Grasshopper Restaurant’s most popular dish seems to be the No Name, and for good reason. The seitan is crunchy-crispy and coated with a delicious sweet and sour sauce. I was really craving it today, so I decided to try my hand at making it. I was pretty surprised how close I got to the real deal. This definitely satisfies my cravings for the No Name, and it’s not hard to make either!

    Crispy Sweet and Sour Seitan
    Serves two

    8 oz Seitan, chopped into strips (a loose 2 cups after chopping)
    1 tsp Ener-g Egg Replacer
    1/4 Cup Cornstarch
    1/4 Cup Peanut Oil
    Steamed Broccoli
    Sesame Seeds for garnish


    3 1/2 Tbs Seasoned Rice Vinegar (you can eyeball the 1/2 Tbs)
    1/4 Cup Water
    2 Tbs + 2 tsp Sugar
    1 Tbs Tamari
    1 Tbs Ketchup
    1 tsp Molasses
    1/4 tsp Ginger Powder
    1/2 tsp Salt
    1 1/2 Tbs Cornstarch + 2 Tbs water

    This recipe is not nearly as complicated as it seems. I’m just feeling verbose tonight!

    Add all the sauce ingredients except for the cornstarch and water into a small saucepan and heat on low until sugar dissolves. Mix cornstarch with 2 Tbs water and add to sauce. Turn up heat to medium-high and whisk until sauce thickens. Sauce should be moderately thick, but not so thick it’s gel like. If you scrape a spoon down the middle of the pan, it should take a second for it to fill in the groove you made, but it should fill back in. Does that makes sense? Add more cornstarch to make it thicker if needed, or add water (or seitan juice) to thin it out if it gets too thick. Take off heat and set aside.

    Heat 1/4 cup of peanut oil on HIGH in a large skillet, non-stick if you have it. Place chopped seitan in a large bowl. Sprinkle with egg replacer powder and mix well. It should dissolve from the moisture of the seitan. Add cornstartch and toss seitan until it’s completely coated.

    Test oil with a piece of seitan. If the oil bubbles up immediately when you drop a piece in, you’re good to go. Add seitan to oil in one layer – you might need to do batches depening on how big your pan is. Fry on high for 5-7 minutes, stirring and turning the pieces often, until crispy and golden. Drain oil out of pan (it’s safer to remove the seitan with a slotted spoon and pour the oil out of the pan, but I take the whole thing over to the sink and use the pan lid as a barrier. This way the seitan stays in while I pour the oil out. If you get severe burns doing this, don’t blame me. I shouldn’t do it, but I do.)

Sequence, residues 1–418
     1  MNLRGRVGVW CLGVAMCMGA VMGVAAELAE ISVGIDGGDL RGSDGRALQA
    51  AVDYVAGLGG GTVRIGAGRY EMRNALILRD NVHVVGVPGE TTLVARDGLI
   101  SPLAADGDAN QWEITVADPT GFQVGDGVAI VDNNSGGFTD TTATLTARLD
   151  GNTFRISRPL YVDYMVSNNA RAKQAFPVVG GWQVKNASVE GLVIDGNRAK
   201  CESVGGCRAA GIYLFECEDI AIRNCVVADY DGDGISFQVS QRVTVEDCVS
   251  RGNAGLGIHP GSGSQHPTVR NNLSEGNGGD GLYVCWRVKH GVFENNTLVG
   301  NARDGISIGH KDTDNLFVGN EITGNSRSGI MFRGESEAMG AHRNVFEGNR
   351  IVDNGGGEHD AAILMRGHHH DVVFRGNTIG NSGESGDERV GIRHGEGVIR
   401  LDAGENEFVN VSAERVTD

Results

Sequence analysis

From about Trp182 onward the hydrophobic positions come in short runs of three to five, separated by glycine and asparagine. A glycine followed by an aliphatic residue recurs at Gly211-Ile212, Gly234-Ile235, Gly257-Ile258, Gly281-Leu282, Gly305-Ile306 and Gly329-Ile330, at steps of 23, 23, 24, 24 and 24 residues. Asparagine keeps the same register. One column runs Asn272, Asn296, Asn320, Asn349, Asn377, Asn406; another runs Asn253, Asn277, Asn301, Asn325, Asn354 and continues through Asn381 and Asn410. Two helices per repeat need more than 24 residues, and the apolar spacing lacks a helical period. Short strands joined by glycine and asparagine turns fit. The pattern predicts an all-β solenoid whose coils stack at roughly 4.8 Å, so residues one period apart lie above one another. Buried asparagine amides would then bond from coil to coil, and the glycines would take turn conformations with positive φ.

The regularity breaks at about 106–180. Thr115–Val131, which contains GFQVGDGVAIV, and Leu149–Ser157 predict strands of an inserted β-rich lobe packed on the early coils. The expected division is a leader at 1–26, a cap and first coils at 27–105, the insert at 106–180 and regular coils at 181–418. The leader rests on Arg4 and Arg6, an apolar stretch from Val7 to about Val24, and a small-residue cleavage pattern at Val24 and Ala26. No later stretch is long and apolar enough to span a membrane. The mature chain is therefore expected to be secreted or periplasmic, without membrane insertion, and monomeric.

Put the pan back on the stove with the seitan in it, but NOT over heat. Wait a sec for the pan to cool down, then add sauce. Use a rubber spatual to get out every last bit, as the recipe makes just enough to coat. Toss to coat seitan and serve immediately.

    If your pan is too hot when you do this, your sauce might get CRAZY thick CRAZY fast, as cornstarch is wont to do around heat. It’s not a big deal, but you’ll be happier waiting for the pan to cool a bit.

    Serve with steamed broccoli and top with sesame seeds.

    Additional (Untested) Ideas:

    Lemon Ginger: Omit ketchup and add 1 tsp more vinegar and 1 tsp more sugar. Add more ginger to sauce, fresh if you got it, and stir in 1 Tbs of organic lemon zest to the sauce.

    Orange Sesame: Add 1 Tbs of organic orange zest while dissolving sugar. Stir in 2 tsp of toasted sesame oil before tossing with the seitan.

    Spicy Garlic: Add 1-2 cloves of minced garlic to the sauce along with 1/4 tsp of red pepper flakes. Alternatively, mix ground cayenne pepper with the cornstarch before tossing the seitan in it.

    ***This is the updated sauce recipe.  If you want to use the old recipe, click the link below!

    Old Sweet and Sour Sauce 

    1/3 Cup Seasoned Rice Vinegar
    4 Tbs Sugar
    1 Tbs Tamari
    1 Tbs Ketchup
    1 tsp Non-Blackstrap Molasses
    1/4 tsp Ginger Powder
    1/4 tsp Salt
    1 1/2 Tbs Cornstarch + 2 Tbs water